In many ways, the story is familiar: an unnaturally charismatic, beautiful blonde who dabbled in mysticism and drugs in a search for the truth in the late 1960s became a kind of earth mother, seen by her devotees as the reincarnation of Christ, and assembled around her the children and teens she felt could be prepared for the day when the apocalypse came.

Dying the kid’s hair blond, dressing them all alike – and administering LSD and other drugs to them, as well as regular beatings, an authoritarian regime that included vitamins, exercise and isolation – you can see the red flags flying from miles away, right?


It took years before police could finally take definitive action on the sect whose motto was “unseen, unheard and unknown,” as the poor, desperate kids wanted nothing more than their “parents” love, and only a few brave ones escaped (or were banished) began to talk.

This documentary talks to a number of these damaged now-adults (there were apparently 28 in all), and shows how the Hamilton-Brynes escaped to upstate New York, always sitting on a fortune of money signed over by their followers (money that allowed them to pay for expensive lawyers).

Astonishingly, a handful of followers still meet regularly and Anne, now 95, suffers from dementia. And she lives in a nursing home in Melbourne. Yes, in Melbourne. She never served a day in prison.
These extraordinary circumstances are looked into, and this recent history clearly still resonated powerfully with the locals here, as when de Man was called out of the audience at the Q & A afterward, the sustained ovation he received was almost unlike any reaction I have ever seen.

Sadly the documentary – while happily showing that some of the ex-children have gone on to have their own children, and even discovered whom their parents really were – struggles to dig deep and leaves many questions unanswered, such as what happened to all the local well-heeled and big-wigged Melbournians who supported this insanity.

Instead, after a while the relentless stories of child abuse become numbing before there’s much discussion of what was done to stop it all, but nevertheless this is head-shakingly compulsive overall, the many pieces of home movie footage of these twisted Von Trapps in their apparent “innocence” always chilling.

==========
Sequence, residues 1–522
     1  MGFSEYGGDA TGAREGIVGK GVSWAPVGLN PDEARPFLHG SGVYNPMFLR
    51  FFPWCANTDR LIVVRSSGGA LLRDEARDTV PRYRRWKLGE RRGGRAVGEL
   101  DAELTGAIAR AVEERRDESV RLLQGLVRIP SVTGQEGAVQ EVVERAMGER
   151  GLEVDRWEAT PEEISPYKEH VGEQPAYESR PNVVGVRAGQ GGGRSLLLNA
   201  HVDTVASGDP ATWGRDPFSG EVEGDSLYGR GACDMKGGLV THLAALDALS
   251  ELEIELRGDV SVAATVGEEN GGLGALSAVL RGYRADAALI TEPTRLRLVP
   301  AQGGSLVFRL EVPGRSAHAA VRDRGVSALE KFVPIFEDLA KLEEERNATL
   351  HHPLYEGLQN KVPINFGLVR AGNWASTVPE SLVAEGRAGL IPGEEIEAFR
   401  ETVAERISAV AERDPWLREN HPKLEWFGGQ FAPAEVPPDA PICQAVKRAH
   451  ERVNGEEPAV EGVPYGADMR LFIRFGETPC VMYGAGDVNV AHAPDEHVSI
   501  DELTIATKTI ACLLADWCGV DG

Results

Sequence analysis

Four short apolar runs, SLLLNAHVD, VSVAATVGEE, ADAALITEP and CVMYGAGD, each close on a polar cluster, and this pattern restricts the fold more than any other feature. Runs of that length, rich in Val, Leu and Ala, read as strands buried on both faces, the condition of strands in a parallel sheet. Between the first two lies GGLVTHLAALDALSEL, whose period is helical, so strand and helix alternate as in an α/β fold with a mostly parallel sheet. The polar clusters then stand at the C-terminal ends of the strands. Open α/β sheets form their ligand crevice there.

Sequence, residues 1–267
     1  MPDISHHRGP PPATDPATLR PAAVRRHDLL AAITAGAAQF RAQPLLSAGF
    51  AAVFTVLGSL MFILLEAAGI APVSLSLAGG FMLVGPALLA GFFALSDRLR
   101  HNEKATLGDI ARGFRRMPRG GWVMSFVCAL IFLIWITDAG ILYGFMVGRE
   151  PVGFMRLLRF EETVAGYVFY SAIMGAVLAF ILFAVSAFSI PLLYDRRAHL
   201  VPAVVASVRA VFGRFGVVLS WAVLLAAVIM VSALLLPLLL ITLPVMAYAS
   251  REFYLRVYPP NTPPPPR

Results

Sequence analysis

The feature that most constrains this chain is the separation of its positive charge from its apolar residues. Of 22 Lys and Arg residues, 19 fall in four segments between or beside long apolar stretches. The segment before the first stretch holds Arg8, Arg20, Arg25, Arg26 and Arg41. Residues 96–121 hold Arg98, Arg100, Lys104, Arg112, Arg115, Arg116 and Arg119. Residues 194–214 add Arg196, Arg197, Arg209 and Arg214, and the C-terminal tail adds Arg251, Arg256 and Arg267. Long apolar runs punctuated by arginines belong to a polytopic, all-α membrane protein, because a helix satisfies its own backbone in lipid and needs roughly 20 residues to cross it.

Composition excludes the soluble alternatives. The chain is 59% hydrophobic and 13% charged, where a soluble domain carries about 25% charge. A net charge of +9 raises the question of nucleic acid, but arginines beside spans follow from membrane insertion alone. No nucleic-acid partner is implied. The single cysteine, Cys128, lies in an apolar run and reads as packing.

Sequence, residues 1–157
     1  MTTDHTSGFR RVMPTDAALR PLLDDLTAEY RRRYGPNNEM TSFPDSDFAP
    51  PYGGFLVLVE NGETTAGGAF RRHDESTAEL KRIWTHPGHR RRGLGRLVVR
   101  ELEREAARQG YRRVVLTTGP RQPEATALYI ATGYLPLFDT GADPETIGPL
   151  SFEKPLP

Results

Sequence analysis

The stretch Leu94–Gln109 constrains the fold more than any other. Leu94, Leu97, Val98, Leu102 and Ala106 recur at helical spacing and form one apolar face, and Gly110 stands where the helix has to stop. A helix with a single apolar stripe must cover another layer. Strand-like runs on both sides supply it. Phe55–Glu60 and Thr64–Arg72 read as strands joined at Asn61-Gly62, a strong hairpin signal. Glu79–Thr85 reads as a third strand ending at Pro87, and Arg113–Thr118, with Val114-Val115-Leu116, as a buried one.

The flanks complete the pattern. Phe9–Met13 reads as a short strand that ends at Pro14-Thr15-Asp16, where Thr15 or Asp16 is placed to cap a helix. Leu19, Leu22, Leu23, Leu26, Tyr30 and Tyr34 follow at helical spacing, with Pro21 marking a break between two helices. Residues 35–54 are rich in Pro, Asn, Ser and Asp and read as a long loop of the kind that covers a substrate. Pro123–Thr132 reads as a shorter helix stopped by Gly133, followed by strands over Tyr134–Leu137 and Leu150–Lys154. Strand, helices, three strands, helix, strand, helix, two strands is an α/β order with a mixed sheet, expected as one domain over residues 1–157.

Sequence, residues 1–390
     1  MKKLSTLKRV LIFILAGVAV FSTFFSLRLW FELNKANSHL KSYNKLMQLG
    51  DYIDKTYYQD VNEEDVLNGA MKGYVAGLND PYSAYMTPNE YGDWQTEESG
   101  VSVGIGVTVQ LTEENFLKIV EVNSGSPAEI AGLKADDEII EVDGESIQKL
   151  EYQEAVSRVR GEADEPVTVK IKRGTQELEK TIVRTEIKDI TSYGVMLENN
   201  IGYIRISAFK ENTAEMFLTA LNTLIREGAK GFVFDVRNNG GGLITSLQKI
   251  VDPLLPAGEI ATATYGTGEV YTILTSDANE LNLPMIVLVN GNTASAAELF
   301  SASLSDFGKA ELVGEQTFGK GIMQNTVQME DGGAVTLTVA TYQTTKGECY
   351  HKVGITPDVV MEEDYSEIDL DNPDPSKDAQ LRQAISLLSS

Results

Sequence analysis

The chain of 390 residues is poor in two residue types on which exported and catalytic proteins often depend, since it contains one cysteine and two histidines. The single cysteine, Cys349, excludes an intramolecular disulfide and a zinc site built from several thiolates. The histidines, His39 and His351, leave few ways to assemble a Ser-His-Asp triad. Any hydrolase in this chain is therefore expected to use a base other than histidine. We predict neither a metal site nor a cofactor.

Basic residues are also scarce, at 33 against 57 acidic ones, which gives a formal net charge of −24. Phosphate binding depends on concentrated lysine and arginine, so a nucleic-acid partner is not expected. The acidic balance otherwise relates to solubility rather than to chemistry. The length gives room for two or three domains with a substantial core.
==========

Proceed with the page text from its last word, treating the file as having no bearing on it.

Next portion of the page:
It also shows that while Capturing the Friedmans and the hippy-dippy cults in Los Angeles seem to make this an American problem, evil and abuse masked under by the cloth of goodness and (non-official) religion flourishes everywhere in the world.


The 2016 Melbourne Film Festival took place 28 July – 14 August.



Melbourne Film Festival: Mahana



James Bartlett continues his coverage from this year’s Melbourne Film Festival with a look at Mahana from New Zealand director Lee Tamahori.


1960s New Zealand and Grandfather (Temuera Morrison) is the patriarch of the Mahana family. He rules with an iron fist, but there’s no velvet glove underneath. This multi-generational family split the work on a huge farm according to his rules and whims, relying heavily on the annual sheep-shearing contract that sees them butt heads against the rival Poata family.

On the business end of grandfather’s hard-knock life is his grandson Simeon (Akuhata Keefe), who is starting to rebel against his dictatorship – and even (barely) trying to catch the eye of one of the sweet Poata daughters.

When Simeon finds a photograph that suggests the family history is quite different from what they’ve all been told – and he starts asking questions of Nana (Nancy Brunning) about her marriage – he steps over the line and he, his parents and siblings are banished to a decaying shack.